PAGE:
In the not-so-distant past, CMO’s were able to take a formulaic approach to support their sales teams. Product brochures that highlighted features and benefits, a press release or trade show effort to support product launches, and likely some product-focused web site pages with static data sheet specifications were all that was expected. Some may have also built a CRM database that would primarily be used for untailored email communications. B2B sales after all are really driven by face-to-face, personal relationships, right?
Over the past few years, the B2B buyer has started acting more like a consumer who might be making a highly considered purchase. They conduct a lot of online research, follow industry influencers on Twitter, engage online via text and chatbots, and prefer to get pricing estimates on their own flexible schedule. And now given the pandemic, even the nature of face to face relationship selling has likely been changed forever.
Consequently, the already blurred lines between sales and marketing have become even cloudier. In a recent article, Korn Ferry suggests that the CMO is going to become the ‘digital change leader’ that drives digital across the enterprise. Given that so many organizations are hyper-focused on the digital customer experience these days, that makes sense.
The conversation around Customer Experience (CX) is pointing everyone to rapidly invest in digital engagement tools like CRM, Conversational AI, and even augmented reality. However, the rush to digital engagement runs a risk – potentially leaving human-to-human interaction behind. And that could be a big mistake in the long run.
Investing in digital sales tools should absolutely be a priority. But there are fundamental things that can be done to make sure that while you are busy supporting your sales teams, you don’t leave your customer behind in the process.
- There will be a temptation to move toward all online service. It’s less expensive and yes, many customers expect always on service. But don’t fall into the trap of not allowing for easy connection to a human. As a consumer, don’t you hate getting stuck on a web page with just a form to fill out – with no phone number or email address or text number? Well, B2B buyers will hate that too. Always provide a clear and concise way for people to get ahold of your sales team directly.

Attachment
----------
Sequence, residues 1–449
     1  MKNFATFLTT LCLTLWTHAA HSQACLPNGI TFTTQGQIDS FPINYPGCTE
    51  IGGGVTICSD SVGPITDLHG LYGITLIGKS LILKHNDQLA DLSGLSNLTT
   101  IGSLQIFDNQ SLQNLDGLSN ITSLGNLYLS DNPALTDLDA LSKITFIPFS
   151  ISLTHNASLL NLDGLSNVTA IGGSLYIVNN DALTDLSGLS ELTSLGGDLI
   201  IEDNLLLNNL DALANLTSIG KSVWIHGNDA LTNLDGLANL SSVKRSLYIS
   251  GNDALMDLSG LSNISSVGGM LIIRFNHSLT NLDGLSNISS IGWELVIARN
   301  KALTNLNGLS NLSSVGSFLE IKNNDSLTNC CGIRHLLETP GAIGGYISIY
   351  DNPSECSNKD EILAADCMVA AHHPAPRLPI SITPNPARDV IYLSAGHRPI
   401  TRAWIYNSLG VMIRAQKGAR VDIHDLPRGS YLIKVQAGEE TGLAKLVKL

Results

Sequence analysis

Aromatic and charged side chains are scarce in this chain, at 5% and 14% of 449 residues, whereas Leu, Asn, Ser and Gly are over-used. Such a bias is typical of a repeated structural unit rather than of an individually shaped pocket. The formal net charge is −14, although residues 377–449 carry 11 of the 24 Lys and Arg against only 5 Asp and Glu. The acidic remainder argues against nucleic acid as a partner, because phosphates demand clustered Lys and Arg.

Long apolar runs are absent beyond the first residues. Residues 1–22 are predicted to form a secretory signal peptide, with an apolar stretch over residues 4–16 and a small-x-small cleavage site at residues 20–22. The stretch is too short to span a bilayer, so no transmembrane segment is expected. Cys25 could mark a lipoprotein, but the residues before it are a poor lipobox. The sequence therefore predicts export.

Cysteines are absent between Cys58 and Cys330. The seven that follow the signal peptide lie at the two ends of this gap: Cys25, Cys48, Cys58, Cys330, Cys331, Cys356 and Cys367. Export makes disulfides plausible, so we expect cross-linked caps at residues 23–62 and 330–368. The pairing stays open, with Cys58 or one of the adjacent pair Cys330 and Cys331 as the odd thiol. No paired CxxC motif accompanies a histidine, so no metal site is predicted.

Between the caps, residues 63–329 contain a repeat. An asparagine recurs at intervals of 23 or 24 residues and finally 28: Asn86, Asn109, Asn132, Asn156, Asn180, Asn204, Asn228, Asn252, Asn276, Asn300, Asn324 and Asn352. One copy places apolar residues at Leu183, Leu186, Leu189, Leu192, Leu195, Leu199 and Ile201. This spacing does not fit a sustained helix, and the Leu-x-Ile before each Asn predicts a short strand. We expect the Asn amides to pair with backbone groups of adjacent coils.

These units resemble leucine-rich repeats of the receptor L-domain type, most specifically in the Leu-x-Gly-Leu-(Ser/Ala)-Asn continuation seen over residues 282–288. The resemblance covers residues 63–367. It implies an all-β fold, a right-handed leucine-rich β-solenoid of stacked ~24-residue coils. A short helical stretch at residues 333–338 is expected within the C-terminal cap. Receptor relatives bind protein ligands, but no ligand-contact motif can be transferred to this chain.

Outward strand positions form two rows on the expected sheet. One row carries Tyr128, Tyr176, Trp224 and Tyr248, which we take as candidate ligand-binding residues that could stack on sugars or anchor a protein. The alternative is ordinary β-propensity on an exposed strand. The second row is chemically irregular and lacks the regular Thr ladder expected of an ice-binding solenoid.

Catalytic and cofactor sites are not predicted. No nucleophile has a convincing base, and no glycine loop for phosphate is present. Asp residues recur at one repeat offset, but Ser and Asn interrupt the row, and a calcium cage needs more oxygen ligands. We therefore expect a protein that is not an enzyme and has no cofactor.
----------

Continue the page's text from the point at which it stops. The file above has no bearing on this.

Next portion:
- Live conversations matter. Video content to support sales teams will continue to be a prime tactic. But resist the urge to shift to all on-demand videos. Consider live-streaming key product announcements or press events. Think about creating a physical experience center where you can create podcast content, or stream an announcement.
- Many marketers are getting better at creating engaging content in a more rapid fire, and cost effective, manner. Creative automation tools are getting better all the time. But resist the temptation to templatize too much which will result in a one size fits all ‘sea of sameness’ that will make it hard to distinguish your brand from your competitors. It’s worth the extra effort to create content that comes from a human centered insight.
- Continue to invest in marketing automation to nurture the sale. But be careful to not get mired in making the models too complex. It’s easy to get lost in the weeds by getting too granular too fast by creating complex lead scoring algorithms and automation workflows. Start simple and evolve and ALWAYS allow for a human connection within your automated communications.
- The focus on ROI and Results has driven many to focus on lead generation activities – which makes sense as they are easy to measure, and easy to connect to sales. But I would advise to not put all of your eggs in one basket. There is still a need to engage and drive conversations.
Ultimately, the shift towards digital platforms and automation are needed. But if these tactics are the entire focus of your sales support efforts, you will run the risk of living in a sea of sameness with all of your competitors. The opportunity to become memorable with breakthrough creativity is there, which in turn gives people – your buyers – something to talk about. And brand recognition along with emotional and personal connections are, after all, the ultimate sales tools.